Graduate Thesis Or Dissertation

 

Development of a High Throughput Method for Screening of Clean-Label Mold Inhibitors in Cheddar Cheese Public Deposited

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https://ir.library.oregonstate.edu/concern/graduate_thesis_or_dissertations/s1784s909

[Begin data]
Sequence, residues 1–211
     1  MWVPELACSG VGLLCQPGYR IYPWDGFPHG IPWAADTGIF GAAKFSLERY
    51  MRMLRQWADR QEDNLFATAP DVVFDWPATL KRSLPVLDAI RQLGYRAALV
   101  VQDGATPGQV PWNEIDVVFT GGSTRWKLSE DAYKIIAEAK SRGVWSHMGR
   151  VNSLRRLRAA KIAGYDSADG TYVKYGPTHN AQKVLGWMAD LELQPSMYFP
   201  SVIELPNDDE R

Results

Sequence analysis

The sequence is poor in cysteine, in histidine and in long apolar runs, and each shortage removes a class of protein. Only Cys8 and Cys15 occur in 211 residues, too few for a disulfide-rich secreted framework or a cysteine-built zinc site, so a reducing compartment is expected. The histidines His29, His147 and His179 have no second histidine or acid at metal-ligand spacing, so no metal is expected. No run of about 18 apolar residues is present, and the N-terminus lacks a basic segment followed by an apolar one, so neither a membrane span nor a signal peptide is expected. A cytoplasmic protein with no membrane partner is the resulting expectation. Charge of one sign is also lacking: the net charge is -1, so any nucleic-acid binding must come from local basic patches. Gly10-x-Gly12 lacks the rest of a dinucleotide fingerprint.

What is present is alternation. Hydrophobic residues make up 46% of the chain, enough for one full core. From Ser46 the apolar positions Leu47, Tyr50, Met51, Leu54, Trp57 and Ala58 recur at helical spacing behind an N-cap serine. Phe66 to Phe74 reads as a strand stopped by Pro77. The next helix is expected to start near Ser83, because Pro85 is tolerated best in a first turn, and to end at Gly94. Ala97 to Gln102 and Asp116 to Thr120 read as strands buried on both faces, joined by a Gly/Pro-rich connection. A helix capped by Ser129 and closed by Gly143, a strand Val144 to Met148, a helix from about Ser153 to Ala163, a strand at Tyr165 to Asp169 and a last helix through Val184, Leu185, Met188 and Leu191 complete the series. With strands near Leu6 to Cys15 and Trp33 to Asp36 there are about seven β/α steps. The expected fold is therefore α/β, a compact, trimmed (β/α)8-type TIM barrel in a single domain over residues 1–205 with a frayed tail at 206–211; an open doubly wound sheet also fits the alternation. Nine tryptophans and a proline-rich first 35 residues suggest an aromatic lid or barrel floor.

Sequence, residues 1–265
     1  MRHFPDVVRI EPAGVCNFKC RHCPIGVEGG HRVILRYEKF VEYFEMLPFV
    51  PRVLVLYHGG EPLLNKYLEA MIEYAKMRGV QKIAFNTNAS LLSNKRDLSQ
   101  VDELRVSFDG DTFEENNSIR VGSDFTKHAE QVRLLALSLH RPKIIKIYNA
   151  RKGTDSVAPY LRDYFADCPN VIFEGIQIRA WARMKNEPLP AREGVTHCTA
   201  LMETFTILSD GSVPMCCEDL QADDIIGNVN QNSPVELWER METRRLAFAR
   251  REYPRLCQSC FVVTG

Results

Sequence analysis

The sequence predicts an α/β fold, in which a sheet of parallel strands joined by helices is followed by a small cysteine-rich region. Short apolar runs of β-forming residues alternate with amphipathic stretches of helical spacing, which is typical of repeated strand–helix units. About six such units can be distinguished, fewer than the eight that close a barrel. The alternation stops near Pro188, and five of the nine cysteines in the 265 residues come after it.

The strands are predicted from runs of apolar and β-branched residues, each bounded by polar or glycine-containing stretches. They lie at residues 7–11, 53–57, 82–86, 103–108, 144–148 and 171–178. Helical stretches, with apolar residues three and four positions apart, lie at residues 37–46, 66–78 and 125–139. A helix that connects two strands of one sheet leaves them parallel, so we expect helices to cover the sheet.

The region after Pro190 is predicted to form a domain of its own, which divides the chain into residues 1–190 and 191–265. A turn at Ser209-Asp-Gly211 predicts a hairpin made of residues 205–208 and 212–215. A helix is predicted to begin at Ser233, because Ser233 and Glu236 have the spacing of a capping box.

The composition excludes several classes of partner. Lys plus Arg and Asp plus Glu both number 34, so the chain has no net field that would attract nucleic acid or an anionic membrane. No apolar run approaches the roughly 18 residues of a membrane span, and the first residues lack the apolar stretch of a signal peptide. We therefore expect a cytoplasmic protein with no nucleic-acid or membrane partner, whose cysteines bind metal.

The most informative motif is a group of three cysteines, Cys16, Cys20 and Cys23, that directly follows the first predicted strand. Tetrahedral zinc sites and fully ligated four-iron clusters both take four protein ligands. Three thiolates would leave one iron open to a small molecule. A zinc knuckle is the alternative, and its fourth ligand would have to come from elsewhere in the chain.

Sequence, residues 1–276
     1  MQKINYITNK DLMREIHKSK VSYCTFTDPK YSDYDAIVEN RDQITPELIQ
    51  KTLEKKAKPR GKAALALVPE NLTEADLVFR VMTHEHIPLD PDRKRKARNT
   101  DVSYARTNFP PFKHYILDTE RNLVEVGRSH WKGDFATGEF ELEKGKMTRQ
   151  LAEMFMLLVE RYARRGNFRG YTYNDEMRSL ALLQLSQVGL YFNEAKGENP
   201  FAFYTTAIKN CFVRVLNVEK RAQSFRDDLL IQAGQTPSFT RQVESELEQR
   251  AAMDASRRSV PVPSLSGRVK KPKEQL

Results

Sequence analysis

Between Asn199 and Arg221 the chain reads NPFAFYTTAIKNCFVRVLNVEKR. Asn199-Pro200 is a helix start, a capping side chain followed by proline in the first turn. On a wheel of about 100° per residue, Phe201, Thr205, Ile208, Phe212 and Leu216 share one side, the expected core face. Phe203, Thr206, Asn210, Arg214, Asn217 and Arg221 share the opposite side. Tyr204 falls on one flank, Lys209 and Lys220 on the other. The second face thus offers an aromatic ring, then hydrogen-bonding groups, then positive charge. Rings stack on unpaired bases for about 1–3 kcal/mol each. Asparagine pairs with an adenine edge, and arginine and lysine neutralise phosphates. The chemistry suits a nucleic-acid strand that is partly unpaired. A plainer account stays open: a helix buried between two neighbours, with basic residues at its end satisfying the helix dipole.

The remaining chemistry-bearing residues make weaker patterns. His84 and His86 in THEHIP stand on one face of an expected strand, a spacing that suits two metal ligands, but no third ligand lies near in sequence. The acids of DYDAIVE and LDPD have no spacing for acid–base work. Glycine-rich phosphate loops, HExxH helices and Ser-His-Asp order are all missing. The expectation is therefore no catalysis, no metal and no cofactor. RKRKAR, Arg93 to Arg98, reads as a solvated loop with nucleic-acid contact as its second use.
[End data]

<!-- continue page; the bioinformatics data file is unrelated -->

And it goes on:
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  • Mold growth on cheddar-style cheese, though not a food safety issue, causes significant loss to the industry due to consumer rejection. For this reason, it is common for at-risk products, such as cheese shreds, to be coated with the mold inhibitor natamycin. While highly effective at extending shelf-life, preferences for clean-labels and organic foods is driving renewed interest in alternative mold inhibitors for the dairy industry. The purpose of this study was to develop a high-throughput method and use this to quantify mold grow on a cheese-mimicking matrix as a means to screen candidate clean-label inhibitors. In order to evaluate mold-growth at this scale, we adopted image-analysis using freely available ImageJ software (NIH) and the “read plate” plug-in, wherein changes in mold growth are measured using the lightness/darkness of pixels as a proxy for growth. Sensitivity of mold-growth detection was enhanced by incorporating methylene-blue dye into the cheese-mimicking agar. In order to better apply results to the food science industry, the “Growthcurver” package from R statistical software was used to calculate lag time, the time-point at which the mold has reached 50% maximum growth. This metric allowed us to compare delays in growth to the control and quickly assess inhibitor efficacy. To demonstrate the power of this approach, using a cheese-based agar, over eighty 96-well micro-titer cheese agar plates were prepared for inhibitor screening across the three proof of concept studies. Final results yielded analysis of 7,200 samples against varying concentrations of 7 inhibitors and combinations thereof. The results confirm the efficacy of natamycin, while alternative inhibitors caused less pronounced growth delays even at relatively high rates of application. Thyme oil and chitosan showed the greatest potential as alternative mold inhibitors. Thyme oil caused a delay in growth beyond the length of the experiment (168 hrs) for 5 of the 10 mold isolates. Chitosan showed a similar delay for 7 of the molds tested. Future work should focus on analysis of additional inhibitor combinations and incorporate sensory analysis to evaluate their applicability for the dairy industry.
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